Repeatedly, the kingdom of Saudi Arabia faces predictions of deep social crisis. The bases for such forecasts – none of which has yet come true – are legitimate and numerous.
Saudi Arabia is a flagrant violator of human rights, especially of women and religious minorities such as Shia Muslims.
The rigidly purist Wahhabi ideology that originated in central Arabia 250 years ago has suffocated the traditional spirituality of Mecca and Medina and is established as the official Saudi form of Islam.
Wahhabism claims the mantle of Sunnism, an allegation contested by many conventional Sunnis.
In a metastasised form, Wahhabism is now visible in the horrific atrocities committed by the Islamic State in Syria and Iraq.
The income gap between the Saudi royal family and ordinary citizens is egregious, although specific data are lacking because of the absence of transparency in Saudi society.
But about eighty per cent of the workforce is foreign, according to the US CIA World Factbook, and many labourers from Pakistan and Muslim lands in Africa and Southeast Asia, as well as from India, Sri Lanka and South Korea toil in wretched conditions.
Abuses of domestic and other workers are well known.
Although numerous Western Christian specialists keep the Saudi energy industry going, they are denied the freedom to practice their religion.
These ills – mainly the domination of Wahhabism and the disparities in income – are visible particularly in the erection of a massive, overbearing hotel and commercial complex overlooking the Grand Mosque in Mecca.
Islam’s holiest site now sits in the shadow of a clock tower reminiscent of a totalitarian monument under Russian communism.
According to Wahhabi doctrine, the sanctity of the Grand Mosque need not be preserved, as it might encourage ‘idol worship'.
That attitude is reproduced in the destruction of cultural monuments by the ‘Islamic State’.
Until recently, Saudi energy income could be used to balance off threats of unrest.
During the ‘Arab Spring’ Saudi Arabia was spared upheaval because of popular support for the late King Abdullah Bin Abd Al-Aziz, a reformer.
Further, the state provided large cash infusions for social welfare, including increases in pay and provision of housing.
The bill was reportedly £22bn (then $36bn).
But Saudi cash and oil reserves have diminished dramatically, according to the Financial Times of 28 September. Saudi Arabia has diverted millions of dollars from asset managers worldwide, to cover the growing deficit.
King Abdullah died at the beginning of this year, and was succeeded by King Salman, his half-brother.
Yet the deficient transparency of Saudi society has been aggravated by the new ruler.
On 28 September the Guardian reported that an unidentified member of the generation following Abdullah and Salman is circulating letters calling for the removal of King Salman.
Since they are unsigned, and the KSA is so closed a society, it is impossible to verify whether the letters are authentic.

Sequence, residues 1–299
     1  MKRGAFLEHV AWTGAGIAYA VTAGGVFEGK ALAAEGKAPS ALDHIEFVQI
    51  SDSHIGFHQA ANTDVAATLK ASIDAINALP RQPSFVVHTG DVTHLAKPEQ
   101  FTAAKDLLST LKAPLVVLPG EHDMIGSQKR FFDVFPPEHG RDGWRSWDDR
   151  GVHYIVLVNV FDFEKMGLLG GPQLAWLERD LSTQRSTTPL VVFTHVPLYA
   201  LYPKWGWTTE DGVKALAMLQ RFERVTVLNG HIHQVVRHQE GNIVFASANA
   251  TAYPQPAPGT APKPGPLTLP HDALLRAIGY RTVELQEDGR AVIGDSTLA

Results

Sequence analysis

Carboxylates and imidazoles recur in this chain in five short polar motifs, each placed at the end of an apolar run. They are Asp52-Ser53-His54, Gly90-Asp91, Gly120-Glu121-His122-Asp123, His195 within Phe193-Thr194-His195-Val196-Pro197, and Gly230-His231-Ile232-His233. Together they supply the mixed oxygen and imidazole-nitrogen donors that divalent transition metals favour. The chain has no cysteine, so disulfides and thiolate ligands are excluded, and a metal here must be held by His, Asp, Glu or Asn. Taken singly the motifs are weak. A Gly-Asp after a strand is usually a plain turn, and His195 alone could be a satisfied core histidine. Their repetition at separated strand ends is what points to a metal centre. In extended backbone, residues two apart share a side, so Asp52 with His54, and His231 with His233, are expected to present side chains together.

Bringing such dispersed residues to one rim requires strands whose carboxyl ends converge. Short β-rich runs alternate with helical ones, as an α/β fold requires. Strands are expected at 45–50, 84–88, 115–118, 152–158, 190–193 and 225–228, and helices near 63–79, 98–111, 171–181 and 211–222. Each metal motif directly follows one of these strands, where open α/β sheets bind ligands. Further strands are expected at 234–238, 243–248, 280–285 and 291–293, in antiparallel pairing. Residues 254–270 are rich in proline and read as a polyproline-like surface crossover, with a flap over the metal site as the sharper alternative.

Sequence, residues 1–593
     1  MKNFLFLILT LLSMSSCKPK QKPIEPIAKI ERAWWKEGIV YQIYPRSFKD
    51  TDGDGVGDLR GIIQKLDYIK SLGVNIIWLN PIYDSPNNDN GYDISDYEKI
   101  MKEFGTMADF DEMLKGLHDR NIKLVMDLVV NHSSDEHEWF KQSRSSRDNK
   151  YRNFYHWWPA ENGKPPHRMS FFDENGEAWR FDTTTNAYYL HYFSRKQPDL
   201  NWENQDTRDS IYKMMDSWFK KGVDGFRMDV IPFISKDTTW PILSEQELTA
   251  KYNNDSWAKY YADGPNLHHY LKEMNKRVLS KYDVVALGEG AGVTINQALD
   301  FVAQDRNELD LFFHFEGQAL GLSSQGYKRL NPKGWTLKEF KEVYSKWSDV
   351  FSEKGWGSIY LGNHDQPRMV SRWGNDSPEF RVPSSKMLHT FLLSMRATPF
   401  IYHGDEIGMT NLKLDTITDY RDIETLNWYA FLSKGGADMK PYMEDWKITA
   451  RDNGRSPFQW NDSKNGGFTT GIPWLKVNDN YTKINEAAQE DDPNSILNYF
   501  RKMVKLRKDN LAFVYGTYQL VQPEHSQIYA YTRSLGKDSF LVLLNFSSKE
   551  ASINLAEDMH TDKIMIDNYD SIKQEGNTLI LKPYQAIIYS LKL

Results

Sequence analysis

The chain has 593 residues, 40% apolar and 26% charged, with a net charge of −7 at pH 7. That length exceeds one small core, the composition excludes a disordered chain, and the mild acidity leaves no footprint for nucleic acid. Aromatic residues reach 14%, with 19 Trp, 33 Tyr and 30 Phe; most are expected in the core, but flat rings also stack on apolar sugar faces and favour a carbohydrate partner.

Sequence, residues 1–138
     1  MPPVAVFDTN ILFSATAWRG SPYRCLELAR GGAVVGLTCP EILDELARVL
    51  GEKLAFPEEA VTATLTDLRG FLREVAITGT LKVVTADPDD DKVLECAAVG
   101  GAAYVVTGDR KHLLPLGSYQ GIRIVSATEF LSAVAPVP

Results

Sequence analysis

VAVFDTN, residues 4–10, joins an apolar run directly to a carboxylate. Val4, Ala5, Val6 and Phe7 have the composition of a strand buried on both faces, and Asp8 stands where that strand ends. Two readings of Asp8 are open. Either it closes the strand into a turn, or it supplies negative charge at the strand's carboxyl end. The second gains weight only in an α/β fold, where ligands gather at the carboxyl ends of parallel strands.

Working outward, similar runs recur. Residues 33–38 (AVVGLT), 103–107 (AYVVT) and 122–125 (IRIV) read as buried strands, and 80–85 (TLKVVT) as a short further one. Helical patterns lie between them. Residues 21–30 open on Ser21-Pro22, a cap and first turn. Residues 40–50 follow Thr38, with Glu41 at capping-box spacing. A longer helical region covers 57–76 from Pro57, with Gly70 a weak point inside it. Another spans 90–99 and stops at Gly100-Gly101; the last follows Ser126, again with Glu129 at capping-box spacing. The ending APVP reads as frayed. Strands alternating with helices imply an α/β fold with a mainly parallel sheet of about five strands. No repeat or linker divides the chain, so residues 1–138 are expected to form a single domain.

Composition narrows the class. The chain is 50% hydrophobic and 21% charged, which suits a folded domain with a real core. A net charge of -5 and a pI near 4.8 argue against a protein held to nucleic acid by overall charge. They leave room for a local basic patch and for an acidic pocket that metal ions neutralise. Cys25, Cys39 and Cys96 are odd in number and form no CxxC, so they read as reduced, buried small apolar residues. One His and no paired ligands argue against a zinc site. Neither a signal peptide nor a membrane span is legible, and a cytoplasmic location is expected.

But anecdotal evidence indicates that resentment is increasing against Prince Muhammad Bin Salman, the king’s son and minister of defence, among other titles.
Two recent disasters – the collapse of a crane at the Grand Mosque on 11 September and the stampede during the hajj pilgrimage on 24 September – have taken many lives and underscored the sense among Saudis of a kingdom out of control.
In the crane fall, 111 workers were killed and 394 injured.
Typically, most were foreign: the largest numbers were 25 Bangladeshis and 23 Egyptians dead, and 51 Pakistanis and 42 Indonesians injured.
In the Mina stampede, which took place at a tent city housing hajj pilgrims, the number of dead and responsibility for the disaster are both contested.
The KSA first stated that 769 pilgrims were killed with 863 injured, but since the tragedy occurred higher figures for the victims have been suggested by foreign governments.
On 29 September, the BBC disclosed that Indian, Pakistani, Indonesian, and Nigerian officials had all stated that at least one thousand images of the dead had been received by foreign authorities for identification.
Iran, which is hostile to the KSA, has protested extensively over Saudi mismanagement of the hajj, a duty incumbent on every Muslim who is able-bodied and can afford it, at least once.
Tehran stated through its official medium, Press TV, that its citizens counted the largest number of dead, first at 228.
But then Saeed Ohadi, the head of Iran's Hajj and Pilgrimage Organization, asserted that ‘3,000 to 3,200’ people had died.]
The Guardian, citing the BBC, noted on 25 September that Saudi government sources denied a claim that the crush of people at Mina was caused by a traffic blockade headed by the previously-mentioned Prince Muhammad Bin Salman and his retinue.
All of which emphasizes the need in the KSA for transparency, including better policies in cultural preservation and administration of the hajj.